As Mr. Justice Jackson observed in Krulewitch v. United States, 336 U. S. 440, 453 (69 SC 716, 93 LE 790), "The naive assumption that prejudicial effects can be overcome by instructions to the jury . . . all practicing lawyers know to be unmitigated fiction." And dealing with this subject Judge Learned Hand asserted that a limiting instruction of this sort is a "recommendation to the jury of a mental gymnastic which is beyond, not only their powers, but anybody's else." Nash v. United States, 54 F2d 1006, 1007. "[I]t is indeed very hard to believe that a jury will, or for that matter can, in practice observe the admonition." United States v. Delli Paoli, 229 F2d 319, 321.
"The trial of cases is more than a mere contest between the parties. In all trials the State is interested that a fair trial may be had, in order that justice may be done." Ga. Power Co. v. Puckett, 181 Ga. 386 (1) (182 SE 384).
"The Constitution guarantees to every defendant a fair and impartial trial. Every litigant is entitled to the same right, and he does not get it where any influence except the law and the evidence is allowed to affect the minds of the jury. Hisses, cheers, demonstrations, improper appeals, argument not warranted by the evidence, and the like, all constitute an impairment of the right to a fair trial." Patton v. State, 117 Ga. 230, 238 (43 SE 533). Indeed, Code 81-1009 provides that: "Where counsel in the hearing of the jury make statements of prejudicial matters which are not in evidence, it is the duty of the court to interpose and prevent the same; and, on objection made, he shall also rebuke the counsel . . . or . . . he may order a mistral if the plaintiff's attorney is the offender." (Emphasis supplied.)
While a party is not entitled to a perfect trial--a thing bordering on impossibility--he is entitled to a fair trial, which the courts can and should afford. Lutwak v. United States, 344 U. S. 604, 619 (73 SC 481, 97 LE 593); Dowis v. McCurdy, 109 Ga. App. 488,497 (136 SE2d 389).
When arguments of this kind are made to the jury fairness is no longer possible, for prejudice calculated to drive fairness out has been substituted. In a similar situation where counsel argued that "The Southern Railway Company has plenty of money to hire lawyers to defend a case . . . and they have plenty of money to pay off the damages," and upon objection thereto counsel for the plaintiff apologized, retracted his statement, asked the jury to disregard it, and the court instructed the jury not to consider it or to be influenced by it in any manner, we reversed a verdict and judgment for the plaintiff, observing that "the language complained of was highly improper and exceedingly prejudicial to the defendant . . . and the withdrawal of the statement by counsel and the statement of the judge in reference thereto, in our opinion, was hardly sufficient to eradicate from the minds of the jury the injury already done the defendant; and consequently it was error for the court to overrule the defendant's motion for mistrial." Southern R. Co. v. Black, 57 Ga. App. 592, 593 (196 SE 291).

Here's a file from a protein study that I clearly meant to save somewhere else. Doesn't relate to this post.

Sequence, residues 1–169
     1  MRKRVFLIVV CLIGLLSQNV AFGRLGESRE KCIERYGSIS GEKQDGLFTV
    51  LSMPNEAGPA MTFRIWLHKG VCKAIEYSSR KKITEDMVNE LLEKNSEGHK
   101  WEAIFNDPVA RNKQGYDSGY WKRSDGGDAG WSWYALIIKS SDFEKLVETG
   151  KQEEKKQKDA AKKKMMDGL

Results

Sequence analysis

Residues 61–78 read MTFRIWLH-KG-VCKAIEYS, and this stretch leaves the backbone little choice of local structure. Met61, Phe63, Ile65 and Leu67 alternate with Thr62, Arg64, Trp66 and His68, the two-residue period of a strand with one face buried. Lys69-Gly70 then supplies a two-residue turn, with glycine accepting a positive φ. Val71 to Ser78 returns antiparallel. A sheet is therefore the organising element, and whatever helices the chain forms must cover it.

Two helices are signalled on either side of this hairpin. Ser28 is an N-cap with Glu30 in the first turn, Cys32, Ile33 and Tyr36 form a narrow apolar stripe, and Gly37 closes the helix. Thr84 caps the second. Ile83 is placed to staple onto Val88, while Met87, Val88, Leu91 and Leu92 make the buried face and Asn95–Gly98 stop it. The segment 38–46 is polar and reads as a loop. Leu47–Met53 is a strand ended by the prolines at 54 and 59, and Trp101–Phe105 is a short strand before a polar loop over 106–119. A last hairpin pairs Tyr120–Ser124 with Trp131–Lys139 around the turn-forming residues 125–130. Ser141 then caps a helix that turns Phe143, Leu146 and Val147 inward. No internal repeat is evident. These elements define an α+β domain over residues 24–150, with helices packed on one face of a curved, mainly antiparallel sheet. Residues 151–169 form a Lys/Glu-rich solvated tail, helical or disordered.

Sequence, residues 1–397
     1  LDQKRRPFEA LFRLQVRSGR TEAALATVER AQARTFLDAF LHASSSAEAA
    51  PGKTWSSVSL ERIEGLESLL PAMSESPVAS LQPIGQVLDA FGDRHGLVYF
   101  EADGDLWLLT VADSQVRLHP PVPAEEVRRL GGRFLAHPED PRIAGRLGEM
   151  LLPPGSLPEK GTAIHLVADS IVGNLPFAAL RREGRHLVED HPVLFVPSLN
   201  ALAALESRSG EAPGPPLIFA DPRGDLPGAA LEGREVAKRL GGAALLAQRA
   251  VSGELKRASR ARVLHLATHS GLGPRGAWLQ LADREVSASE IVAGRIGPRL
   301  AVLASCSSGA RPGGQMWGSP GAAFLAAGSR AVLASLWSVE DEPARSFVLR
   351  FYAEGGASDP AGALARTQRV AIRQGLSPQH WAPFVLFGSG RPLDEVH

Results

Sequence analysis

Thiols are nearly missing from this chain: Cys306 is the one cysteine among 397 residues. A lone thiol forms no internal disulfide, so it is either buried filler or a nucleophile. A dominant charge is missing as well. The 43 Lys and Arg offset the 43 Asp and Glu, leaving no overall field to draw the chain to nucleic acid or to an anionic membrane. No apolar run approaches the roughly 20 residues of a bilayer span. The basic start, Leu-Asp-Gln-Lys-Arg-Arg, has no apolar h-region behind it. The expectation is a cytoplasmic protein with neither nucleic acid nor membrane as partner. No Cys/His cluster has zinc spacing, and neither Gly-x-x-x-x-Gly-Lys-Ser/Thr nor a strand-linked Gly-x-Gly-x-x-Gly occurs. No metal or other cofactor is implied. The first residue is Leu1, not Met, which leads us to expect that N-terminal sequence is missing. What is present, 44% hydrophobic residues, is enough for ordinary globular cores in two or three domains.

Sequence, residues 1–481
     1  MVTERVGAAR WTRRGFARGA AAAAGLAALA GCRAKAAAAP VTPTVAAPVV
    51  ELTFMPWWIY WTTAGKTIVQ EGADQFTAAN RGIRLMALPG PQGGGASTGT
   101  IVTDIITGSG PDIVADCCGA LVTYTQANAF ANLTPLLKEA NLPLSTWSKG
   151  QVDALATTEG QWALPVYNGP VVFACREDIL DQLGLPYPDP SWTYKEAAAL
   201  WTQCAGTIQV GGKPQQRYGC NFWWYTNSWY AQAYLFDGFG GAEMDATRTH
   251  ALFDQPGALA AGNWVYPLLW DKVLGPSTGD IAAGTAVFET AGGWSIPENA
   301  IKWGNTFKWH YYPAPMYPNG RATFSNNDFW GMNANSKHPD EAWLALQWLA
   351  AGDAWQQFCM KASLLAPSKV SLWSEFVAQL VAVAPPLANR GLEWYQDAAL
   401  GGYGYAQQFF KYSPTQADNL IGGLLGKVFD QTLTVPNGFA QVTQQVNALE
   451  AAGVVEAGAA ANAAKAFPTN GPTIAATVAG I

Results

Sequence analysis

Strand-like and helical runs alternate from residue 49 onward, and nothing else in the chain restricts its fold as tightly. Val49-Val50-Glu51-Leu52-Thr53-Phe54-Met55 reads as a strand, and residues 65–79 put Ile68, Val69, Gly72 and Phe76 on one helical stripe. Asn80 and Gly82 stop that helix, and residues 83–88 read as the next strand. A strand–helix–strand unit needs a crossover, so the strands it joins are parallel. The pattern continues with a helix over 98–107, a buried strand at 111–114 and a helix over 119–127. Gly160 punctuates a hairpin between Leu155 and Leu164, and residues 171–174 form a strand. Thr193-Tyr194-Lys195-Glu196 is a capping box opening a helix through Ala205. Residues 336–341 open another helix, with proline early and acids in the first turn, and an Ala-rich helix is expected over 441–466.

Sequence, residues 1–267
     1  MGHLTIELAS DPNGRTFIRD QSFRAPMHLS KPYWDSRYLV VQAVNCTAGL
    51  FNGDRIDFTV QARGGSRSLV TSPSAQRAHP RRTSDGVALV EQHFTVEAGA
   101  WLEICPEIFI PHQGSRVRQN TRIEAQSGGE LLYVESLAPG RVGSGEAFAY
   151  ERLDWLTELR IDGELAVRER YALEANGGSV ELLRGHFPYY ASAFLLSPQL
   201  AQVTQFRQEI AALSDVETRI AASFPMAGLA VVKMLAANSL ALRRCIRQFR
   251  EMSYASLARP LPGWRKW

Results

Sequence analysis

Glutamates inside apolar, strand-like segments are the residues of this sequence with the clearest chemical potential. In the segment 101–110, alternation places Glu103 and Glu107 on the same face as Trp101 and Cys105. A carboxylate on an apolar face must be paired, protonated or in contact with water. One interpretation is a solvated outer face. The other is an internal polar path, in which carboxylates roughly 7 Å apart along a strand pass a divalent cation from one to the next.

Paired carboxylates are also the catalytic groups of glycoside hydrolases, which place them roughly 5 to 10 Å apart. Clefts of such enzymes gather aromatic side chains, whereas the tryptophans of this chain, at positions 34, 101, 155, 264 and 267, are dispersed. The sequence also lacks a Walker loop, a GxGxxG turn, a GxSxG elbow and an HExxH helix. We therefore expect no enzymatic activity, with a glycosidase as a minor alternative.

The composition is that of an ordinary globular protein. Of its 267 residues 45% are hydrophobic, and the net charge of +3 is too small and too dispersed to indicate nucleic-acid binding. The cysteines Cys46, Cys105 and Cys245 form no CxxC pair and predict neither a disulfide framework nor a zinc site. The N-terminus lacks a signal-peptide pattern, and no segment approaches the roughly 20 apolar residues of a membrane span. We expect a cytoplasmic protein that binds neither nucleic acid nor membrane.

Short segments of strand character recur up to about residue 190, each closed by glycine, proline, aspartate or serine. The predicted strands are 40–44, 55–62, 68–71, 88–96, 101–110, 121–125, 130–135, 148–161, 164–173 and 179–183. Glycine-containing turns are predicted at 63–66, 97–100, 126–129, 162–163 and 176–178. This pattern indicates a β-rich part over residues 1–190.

We reversed the denial of a mistrial in John J. Woodside &c. Co. v. Reese, 105 Ga. App. 602 (6) (125 SE2d 556) because "the language employed by plaintiff's counsel likely impressed upon the minds of the jury that there was a great difference between the financial ability of the plaintiff and the defendants, and also the defendants' ability to pay damages. The argument was not based upon any issue in the case, and when brought to the surface of conscious thought, was prejudicial to the defendants." (Emphasis supplied.)
Cases further illustrating the point are Morris v. Maddox, 97 Ga. 575 (25 SE 487); Patton v. State, 117 Ga. 230 (43 SE 533); Styles v. State, 129 Ga. 425 (59 SE 249, 12 AC 176); Fitzgerald v. State, 184 Ga. 19 (190 SE 602); Southern R. Co. v. Gentle, 36 Ga. App. 11 (135 SE 105); Veazey v. Glover, 47 Ga. App. 826 (171 SE 732); Brown v. Wilson, 55 Ga. App. 262 (189 SE 860); United Motor Freight &c. Co. v. Hixon, 76 Ga. App. 653 (47 SE2d 171); American Cas. Co. v. Seckinger, 108 Ga. App. 262 (3) (132 SE2d 794); Brown v. State, 110 Ga. App. 401, 406 (138 SE2d 741), and cases there cited; Usry v. Bostick, 112 Ga. App. 76 (3) (143 SE2d 781), reversed because of our erroneous construction placed on the language there involved, Bostick v. Usry, 221 Ga. 647 (146 SE2d 882), and the many cases there cited.